Oak Ridge National Laboratory is training next-generation cameras called dynamic vision sensors, or DVS, to interpret live information—a capability that has applications in robotics and could improve autonomous vehicle sensing.
Researchers at Oak Ridge National Laboratory are taking inspiration from neural networks to create computers that mimic the human brain—a quickly growing field known as neuromorphic computing.
Scientists at Oak Ridge National Laboratory studying quantum communications have discovered a more practical way to share secret messages among three parties, which could ultimately lead to better cybersecurity for the electric grid
A study led by Oak Ridge National Laboratory explored the interface between the Department of Veterans Affairs’ healthcare data system and the data itself to detect the likelihood of errors and designed an auto-surveillance tool
Oak Ridge National Laboratory is using artificial intelligence to analyze data from published medical studies associated with bullying to reveal the potential of broader impacts, such as mental illness or disease.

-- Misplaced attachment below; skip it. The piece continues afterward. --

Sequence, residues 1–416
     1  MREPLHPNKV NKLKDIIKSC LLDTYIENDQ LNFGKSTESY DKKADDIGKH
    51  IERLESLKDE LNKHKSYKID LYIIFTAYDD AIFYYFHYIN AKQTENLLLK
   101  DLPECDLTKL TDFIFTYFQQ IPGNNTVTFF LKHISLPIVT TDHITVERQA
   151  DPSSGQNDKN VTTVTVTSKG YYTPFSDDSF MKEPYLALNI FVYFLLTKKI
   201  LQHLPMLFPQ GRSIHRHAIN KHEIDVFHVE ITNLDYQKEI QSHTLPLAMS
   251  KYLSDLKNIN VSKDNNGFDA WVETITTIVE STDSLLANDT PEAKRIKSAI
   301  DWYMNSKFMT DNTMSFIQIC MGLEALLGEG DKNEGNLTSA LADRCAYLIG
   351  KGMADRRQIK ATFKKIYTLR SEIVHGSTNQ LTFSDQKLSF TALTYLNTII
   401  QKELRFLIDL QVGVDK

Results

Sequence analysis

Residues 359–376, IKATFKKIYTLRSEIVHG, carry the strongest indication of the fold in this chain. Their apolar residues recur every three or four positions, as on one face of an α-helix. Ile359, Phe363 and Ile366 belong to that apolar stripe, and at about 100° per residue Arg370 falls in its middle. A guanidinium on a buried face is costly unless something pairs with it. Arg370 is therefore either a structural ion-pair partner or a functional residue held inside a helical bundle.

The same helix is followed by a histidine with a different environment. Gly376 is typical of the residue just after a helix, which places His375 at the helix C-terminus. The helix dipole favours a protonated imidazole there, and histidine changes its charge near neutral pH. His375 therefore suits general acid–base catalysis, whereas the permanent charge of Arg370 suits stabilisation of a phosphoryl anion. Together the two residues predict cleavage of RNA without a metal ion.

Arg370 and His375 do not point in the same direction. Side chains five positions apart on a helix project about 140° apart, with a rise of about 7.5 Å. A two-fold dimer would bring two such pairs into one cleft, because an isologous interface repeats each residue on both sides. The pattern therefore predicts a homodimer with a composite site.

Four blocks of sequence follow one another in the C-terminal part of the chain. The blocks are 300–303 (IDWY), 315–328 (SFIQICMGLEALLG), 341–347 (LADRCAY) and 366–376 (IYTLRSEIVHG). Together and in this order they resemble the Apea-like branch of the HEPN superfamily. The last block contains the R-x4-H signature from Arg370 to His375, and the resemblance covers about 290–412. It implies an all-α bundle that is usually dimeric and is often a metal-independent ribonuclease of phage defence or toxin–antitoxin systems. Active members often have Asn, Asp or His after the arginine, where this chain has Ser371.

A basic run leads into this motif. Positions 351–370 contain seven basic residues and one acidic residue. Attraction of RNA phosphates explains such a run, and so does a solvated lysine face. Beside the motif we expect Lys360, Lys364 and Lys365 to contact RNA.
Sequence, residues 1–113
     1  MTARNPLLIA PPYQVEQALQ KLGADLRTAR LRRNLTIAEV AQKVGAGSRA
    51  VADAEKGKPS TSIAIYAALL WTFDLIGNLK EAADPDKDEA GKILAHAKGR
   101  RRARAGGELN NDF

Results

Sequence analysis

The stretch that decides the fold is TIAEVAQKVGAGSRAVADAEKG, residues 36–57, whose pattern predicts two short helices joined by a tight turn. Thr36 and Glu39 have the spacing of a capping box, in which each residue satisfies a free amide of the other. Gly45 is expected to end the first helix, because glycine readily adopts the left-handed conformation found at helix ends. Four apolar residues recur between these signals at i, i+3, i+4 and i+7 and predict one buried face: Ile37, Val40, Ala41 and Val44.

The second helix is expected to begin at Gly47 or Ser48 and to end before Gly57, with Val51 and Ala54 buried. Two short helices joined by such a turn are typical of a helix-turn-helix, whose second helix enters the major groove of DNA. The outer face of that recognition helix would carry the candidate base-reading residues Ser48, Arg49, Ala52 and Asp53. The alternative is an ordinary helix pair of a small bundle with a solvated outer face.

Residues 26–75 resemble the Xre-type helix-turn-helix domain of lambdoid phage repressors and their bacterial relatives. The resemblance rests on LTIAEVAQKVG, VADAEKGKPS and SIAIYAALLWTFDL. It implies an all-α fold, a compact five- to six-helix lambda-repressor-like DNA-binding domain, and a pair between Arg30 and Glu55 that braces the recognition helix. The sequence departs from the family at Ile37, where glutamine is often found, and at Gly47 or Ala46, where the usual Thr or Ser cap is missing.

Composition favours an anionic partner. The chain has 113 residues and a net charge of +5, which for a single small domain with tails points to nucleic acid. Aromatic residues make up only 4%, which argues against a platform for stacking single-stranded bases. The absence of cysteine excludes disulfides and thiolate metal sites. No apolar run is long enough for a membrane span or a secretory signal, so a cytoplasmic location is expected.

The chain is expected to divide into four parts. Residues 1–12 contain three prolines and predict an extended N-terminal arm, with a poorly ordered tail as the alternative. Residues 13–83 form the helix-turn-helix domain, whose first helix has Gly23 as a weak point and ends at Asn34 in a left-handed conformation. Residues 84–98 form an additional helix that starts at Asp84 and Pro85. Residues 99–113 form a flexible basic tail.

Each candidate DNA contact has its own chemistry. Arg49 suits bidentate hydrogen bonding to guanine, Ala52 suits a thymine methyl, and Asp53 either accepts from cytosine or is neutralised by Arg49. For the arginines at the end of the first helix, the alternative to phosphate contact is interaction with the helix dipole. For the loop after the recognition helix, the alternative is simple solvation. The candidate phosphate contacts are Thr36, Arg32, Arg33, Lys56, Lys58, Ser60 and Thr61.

Scientists at Oak Ridge National Laboratory have developed a low-cost, printed, flexible sensor that can wrap around power cables to precisely monitor electrical loads from household appliances to support grid operations.
As the rise of antibiotic-resistant bacteria known as superbugs threatens public health, Oak Ridge National Laboratory’s Shuo Qian and Veerendra Sharma from the Bhaba Atomic Research Centre in India are using neutron scattering to study how an antibacterial peptide interacts with and fights harmful bacteria.
Gleaning valuable data from social platforms such as Twitter—particularly to map out critical location information during emergencies— has become more effective and efficient thanks to Oak Ridge National Laboratory.
Oak Ridge National Laboratory geospatial scientists who study the movement of people are using advanced machine learning methods to better predict home-to-work commuting patterns.
A team of scientists, led by University of Guelph professor John Dutcher, are using neutrons at ORNL’s Spallation Neutron Source to unlock the secrets of natural nanoparticles that could be used to improve medicines.